New Ways Of Seeing

Episodes

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01Invisible Networks20190417

How is technology changing the way we see? The artist James Bridle reimagines John Berger’s Ways of Seeing for the digital age and reveals the internet’s hidden infrastructure.

“The way we see things is affected by what we know, or what we believe” – John Berger. In 1972, Berger’s seminal TV series and book changed perceptions of art and set out to reveal the language of images.

Of course, that was before the internet, smartphones, and social media took hold.

How do we see the world around us now? And, who are the artists urging us to look more closely?

James Bridle writes about the development of technology on our lives. His work has been exhibited at the V&A, the Barbican, in galleries worldwide, and online. In this series of four programmes, he updates Berger’s Ways of Seeing, inviting contemporary artists to explore how the technology we use every day has transformed the ways in which we see and are seen.

In this first episode, Invisible Networks, James looks for the hidden, physical infrastructure of the internet. Does it matter that it’s being swept out of sight? Artists Hito Steyerl, Ingrid Burrington, Trevor Paglen, Olia Lialina, Julian Oliver and Danja Vasiliev explain why they’re compelled to show us what’s going on beneath the surface.

Producer: Steve Urquhart
A Reduced Listening production for BBC Radio 4

How is technology changing the way we see? Artist James Bridle looks for hidden networks.

Journalist and artist James Bridle examines how technology is changing visual culture.

02Machine Visions20190424

How is technology changing the way we see? The artist James Bridle reimagines John Berger’s Ways of Seeing for the digital age, assessing the reliability and power of images.

“The camera, by making the work of art transmittable, has multiplied its possible meanings and destroyed its unique original meaning.” (John Berger)

In 1972, Berger’s seminal TV series and book changed perceptions of art and set out to reveal the language of images.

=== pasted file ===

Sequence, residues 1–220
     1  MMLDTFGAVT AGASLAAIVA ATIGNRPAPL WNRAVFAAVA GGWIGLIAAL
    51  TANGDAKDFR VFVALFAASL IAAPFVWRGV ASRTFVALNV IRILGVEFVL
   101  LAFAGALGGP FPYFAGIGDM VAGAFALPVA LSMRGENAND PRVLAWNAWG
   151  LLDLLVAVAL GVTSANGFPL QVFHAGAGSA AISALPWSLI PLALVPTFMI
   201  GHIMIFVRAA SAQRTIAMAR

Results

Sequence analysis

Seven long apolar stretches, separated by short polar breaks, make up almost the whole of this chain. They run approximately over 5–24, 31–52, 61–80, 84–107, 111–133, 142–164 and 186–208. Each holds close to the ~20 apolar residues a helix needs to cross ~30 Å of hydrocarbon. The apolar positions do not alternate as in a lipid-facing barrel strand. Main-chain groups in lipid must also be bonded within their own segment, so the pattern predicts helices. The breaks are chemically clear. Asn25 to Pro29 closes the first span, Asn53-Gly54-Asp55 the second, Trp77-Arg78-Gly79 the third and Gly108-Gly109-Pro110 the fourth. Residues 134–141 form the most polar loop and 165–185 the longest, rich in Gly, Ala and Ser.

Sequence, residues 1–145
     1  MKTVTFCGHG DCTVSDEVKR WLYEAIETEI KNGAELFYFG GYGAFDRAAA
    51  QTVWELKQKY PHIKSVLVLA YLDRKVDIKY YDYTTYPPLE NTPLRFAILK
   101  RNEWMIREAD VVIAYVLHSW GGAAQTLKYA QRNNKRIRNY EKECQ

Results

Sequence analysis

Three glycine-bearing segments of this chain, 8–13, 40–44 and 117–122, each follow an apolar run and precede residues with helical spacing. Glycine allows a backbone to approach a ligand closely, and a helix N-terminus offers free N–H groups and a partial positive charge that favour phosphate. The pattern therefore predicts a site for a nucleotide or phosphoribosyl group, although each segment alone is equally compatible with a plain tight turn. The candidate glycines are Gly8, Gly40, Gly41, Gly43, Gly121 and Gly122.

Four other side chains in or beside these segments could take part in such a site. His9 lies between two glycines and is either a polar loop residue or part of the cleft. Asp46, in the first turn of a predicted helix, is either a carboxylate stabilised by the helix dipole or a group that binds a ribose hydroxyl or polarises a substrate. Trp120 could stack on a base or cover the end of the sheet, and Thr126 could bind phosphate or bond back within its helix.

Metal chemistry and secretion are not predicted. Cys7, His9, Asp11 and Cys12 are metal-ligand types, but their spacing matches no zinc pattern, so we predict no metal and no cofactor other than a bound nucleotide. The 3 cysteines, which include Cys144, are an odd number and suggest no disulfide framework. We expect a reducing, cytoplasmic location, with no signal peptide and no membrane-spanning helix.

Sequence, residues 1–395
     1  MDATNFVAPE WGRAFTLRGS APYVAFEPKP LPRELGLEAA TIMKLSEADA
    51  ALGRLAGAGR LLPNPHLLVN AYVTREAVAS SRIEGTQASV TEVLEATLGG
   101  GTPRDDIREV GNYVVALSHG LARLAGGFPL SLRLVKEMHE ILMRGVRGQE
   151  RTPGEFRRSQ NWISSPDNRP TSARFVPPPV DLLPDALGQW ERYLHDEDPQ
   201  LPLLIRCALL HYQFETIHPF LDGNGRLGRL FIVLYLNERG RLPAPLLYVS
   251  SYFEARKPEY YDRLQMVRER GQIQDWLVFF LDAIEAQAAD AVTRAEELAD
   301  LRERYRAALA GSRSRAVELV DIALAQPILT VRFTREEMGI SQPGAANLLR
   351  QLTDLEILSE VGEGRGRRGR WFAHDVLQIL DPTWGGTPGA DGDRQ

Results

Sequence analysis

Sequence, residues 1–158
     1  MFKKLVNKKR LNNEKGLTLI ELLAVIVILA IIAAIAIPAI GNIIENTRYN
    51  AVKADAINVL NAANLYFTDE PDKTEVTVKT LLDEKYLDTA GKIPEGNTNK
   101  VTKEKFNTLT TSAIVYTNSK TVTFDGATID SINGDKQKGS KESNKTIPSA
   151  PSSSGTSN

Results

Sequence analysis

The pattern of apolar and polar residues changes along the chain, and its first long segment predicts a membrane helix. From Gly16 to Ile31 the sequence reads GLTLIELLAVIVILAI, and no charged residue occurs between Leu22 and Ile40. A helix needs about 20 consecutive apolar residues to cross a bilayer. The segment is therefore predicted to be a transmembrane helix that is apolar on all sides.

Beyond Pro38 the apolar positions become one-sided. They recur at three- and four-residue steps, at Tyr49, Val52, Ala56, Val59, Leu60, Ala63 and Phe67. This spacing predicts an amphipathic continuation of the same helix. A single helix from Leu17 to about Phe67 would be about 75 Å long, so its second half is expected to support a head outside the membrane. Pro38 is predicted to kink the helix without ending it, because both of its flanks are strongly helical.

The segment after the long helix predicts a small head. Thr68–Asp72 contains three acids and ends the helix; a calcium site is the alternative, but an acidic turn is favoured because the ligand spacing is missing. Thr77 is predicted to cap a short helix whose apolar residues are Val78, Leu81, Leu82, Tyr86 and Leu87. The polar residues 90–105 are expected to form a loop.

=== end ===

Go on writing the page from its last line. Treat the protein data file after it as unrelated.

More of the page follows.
Of course, that was before the internet, smartphones, and social media took hold.

How do we see the world around us now? And, who are the artists urging us to look more closely?

James Bridle writes about the development of technology on our lives. His work has been exhibited at the V&A, the Barbican, in galleries worldwide, and online. In this series of four programmes, he updates Berger’s Ways of Seeing, inviting contemporary artists to explore how the technology we use every day has transformed the ways in which we see and are seen.

In this second episode, Machine Visions, James reveals the true meaning of images today. In an era of face-swap and video generation technologies, fake news and conspiracy theory, how has digitisation altered the nature, reliability and power of images? Artists Trevor Paglen, Hito Steyerl, Constant Dullaart and Adam Harvey explore how digital images have become so much more than mere pictures.

Producer: Steve Urquhart
A Reduced Listening production for BBC Radio 4

How is technology changing the way we see? Artist James Bridle considers digital images.

Journalist and artist James Bridle examines how technology is changing visual culture.

How is technology changing the way we see? The artist James Bridle reimagines John Berger’s Ways of Seeing for the digital age, assessing the reliability and power of images.

“The way we see things is affected by what we know, or what we believe” – John Berger. In 1972, Berger’s seminal TV series and book changed perceptions of art and set out to reveal the language of images.

Of course, that was before the internet, smartphones, and social media took hold.

How do we see the world around us now? And, who are the artists urging us to look more closely?